Walter Benjamin & The Messiah
Rabbi Larry Edwards| Text and the City
Greetings from Jerusalem!
In the first week of the fellowship, in addition to keeping track (or trying to) of the political situation which – as you are only too aware – has now descended into military conflict, we devoted hours of study and discussion to understanding one of the great revolutions in Jewish history: the shift from Temple/Priests/Sacrifice to Synagogue/Rabbis/Text.
In the morning shiurim (classes) that I am teaching this summer, we are examining another great revolution in Jewish life and thought: the encounter with Western modernity. From the late 18th century on, Jews in various places (especially Germany and France, later England, the Habsburg Empire, and America) were invited to participate as more or less equal citizens in the majority culture. This raised all kinds of challenges and opportunities, and questions about Jewish identity, power, religion, nationalism, authority, tradition. We are the inheritors of a wide array of vigorous responses to these and other challenges.
Texts by Martin Buber, Emmanuel Levinas, Cynthia Ozick, Isaac Deutscher, Franz Rosenzweig and others help us begin to think through some of these issues for ourselves. Walter Benjamin is not usually included in the modern canon of thinking about Jews and Judaism, but I find that his story and his ideas resonate with me. And in this difficult week, I wonder once more about whether we will ever arrive at the “strait gate through which the Messiah might enter.”
This is my fifth summer as a Bronfman faculty member. It is an extraordinary privilege to spend time engaging with the lively minds of my colleagues and our truly wonderful fellows. -
"The soothsayers who found out from time what it had in store certainly did not experience time as either homogeneous or empty. Anyone who keeps this in mind will perhaps get an idea of how past times were experienced in remembrance – namely, in just the same way. We know that the Jews were prohibited from investi- gating the future. The Torah and the prayers instruct them in remem- brance, however. This stripped the future of its magic, to which all those succumb who turn to the soothsayers for enlighten- ment. This does not imply, however, that for the Jews the future turned into homo- geneous, empty time. For every second of time was the strait gate through which the Messiah might enter." - Walter Benjamin, "Theses on the Philosophy of History."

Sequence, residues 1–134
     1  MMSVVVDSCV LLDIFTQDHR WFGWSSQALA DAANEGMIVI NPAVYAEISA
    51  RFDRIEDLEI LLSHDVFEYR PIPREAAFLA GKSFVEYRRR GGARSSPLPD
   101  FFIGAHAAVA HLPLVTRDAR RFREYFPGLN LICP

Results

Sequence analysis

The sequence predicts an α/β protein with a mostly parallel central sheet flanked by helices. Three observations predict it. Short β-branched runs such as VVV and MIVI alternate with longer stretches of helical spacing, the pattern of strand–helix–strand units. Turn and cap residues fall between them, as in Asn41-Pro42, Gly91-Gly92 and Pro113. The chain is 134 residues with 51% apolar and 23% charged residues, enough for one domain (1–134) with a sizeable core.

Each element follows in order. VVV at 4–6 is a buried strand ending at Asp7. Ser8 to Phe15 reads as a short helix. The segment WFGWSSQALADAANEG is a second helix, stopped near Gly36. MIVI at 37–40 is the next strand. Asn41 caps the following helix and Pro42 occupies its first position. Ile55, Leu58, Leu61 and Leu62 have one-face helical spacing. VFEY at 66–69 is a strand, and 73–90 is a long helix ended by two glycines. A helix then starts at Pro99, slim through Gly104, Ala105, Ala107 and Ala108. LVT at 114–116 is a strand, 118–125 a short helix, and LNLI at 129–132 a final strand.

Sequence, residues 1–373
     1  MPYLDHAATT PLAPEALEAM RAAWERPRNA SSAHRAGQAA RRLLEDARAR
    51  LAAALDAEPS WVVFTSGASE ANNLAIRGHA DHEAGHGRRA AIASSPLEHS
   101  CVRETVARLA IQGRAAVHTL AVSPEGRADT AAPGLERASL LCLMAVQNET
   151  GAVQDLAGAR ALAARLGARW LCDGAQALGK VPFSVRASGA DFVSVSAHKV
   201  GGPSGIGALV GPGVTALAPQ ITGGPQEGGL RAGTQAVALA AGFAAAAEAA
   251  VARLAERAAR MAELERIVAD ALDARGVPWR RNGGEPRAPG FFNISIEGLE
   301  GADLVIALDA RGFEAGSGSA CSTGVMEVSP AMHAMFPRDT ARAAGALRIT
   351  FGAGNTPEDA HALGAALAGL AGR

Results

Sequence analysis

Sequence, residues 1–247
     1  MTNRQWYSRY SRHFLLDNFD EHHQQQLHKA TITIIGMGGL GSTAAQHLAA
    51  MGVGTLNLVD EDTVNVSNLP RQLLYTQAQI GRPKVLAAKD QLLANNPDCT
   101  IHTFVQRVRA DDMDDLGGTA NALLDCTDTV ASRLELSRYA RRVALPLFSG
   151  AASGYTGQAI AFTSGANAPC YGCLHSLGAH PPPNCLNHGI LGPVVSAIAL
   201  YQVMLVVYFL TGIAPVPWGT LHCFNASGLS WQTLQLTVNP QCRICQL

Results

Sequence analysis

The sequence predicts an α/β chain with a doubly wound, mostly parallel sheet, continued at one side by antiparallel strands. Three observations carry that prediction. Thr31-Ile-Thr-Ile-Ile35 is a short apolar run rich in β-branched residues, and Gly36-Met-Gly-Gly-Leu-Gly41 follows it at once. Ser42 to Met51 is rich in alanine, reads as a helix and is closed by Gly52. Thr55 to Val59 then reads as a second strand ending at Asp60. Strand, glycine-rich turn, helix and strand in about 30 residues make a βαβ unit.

The Torah tells the story of a journey, a journey without arrival. The Torah narrative ends with the death of Moses, looking across to the Land that he will not enter. This is the deep teaching of the Torah: the best among us may get to glimpse the goal; we are not allowed to see its fulfillment. Even those moments that may seem like an arrival – the establishment of Israel in 1948, say – are not the end of the story; the outcome is not guaranteed, except in the very long run. This is in accord with the statement of Rabbi Tarfon: “It is not yours to complete the task, but neither are you free to refrain from it” (Avot 2.16).
Walter Benjamin (1892 Berlin – 1940 Port Bou, Spain) was one of the great intellectuals of the 20th Century, and one of the first victims of the Nazi onslaught. Having made his way across the Pyranees with a visa to sail from Portugal to New York, he was stopped at the Spanish border. In despair, he took his own life.
He was a close friend of Gershom Scholem, the great scholar of Jewish mysticism, from whom he learned a great deal about Jewish thought. Scholem had previously urged him to come to Jerusalem and accept a position at the Hebrew University.
One of the motifs that recurs often in their correspondence and their writings is the question of Messianic thought. Does history have a goal? Will the apparent chaos and injustice so prevalent in this world eventually give way to Tikkun - repair and perfection? Can such a thing happen solely through human effort, or can it happen only with divine intervention? This is a question that, in one way or another haunts all of Jewish thinking over the centuries.
One of Benjamin's last writings was a set of "Theses," fragmentary reflections on the dynamics of history, influenced by both Marxist materialism and Jewish mysticism. The theses were no published until after Benjamin's death; the passage in the center of this page appears as the last one.
A well-known statement in the Talmud rejects those who attempt to predict when the Messiah will come, hence Benjamin's comment that Jews are "prohibited from investigating the future." But we are commanded, again and again, to remember. The past is full of instruction; the future remains hidden. There is also the well-known teaching that any beggar might be the prophet Elijah in disguise, or one of the 36 anonymous righteous ones (tzaddikim) on whose account the world continues. So too, the future, as Benjamin argues, is not empty. On the contrary, it is full of potential for redemption. Any moment could be the moment of messianic arrival. It is not magic. It may even depend on you.
Rabbi Larry Edwards, a member of our 2014 faculty, served from 2003-2013 as Rabbi of Congregation Or Chadash, a congregation founded in the 1970s by members of the Jewish GLBT community. Past positions include Hillel Director and Jewish Chaplain at Dartmouth College (1975-1981) and at Cornell University (1981-1997). Since returning to Chicago in 1997, he has held positions at KAM Isaiah Israel Congregation (Director of Education), Congregation B’nai Abraham in Beloit, WI (Rabbi), American Jewish Committee (Interreligious Affairs), and Congregation Kol Ami (Education Rabbi). He is currently Rabbi in Residence at Congregation Rodfei Zedek.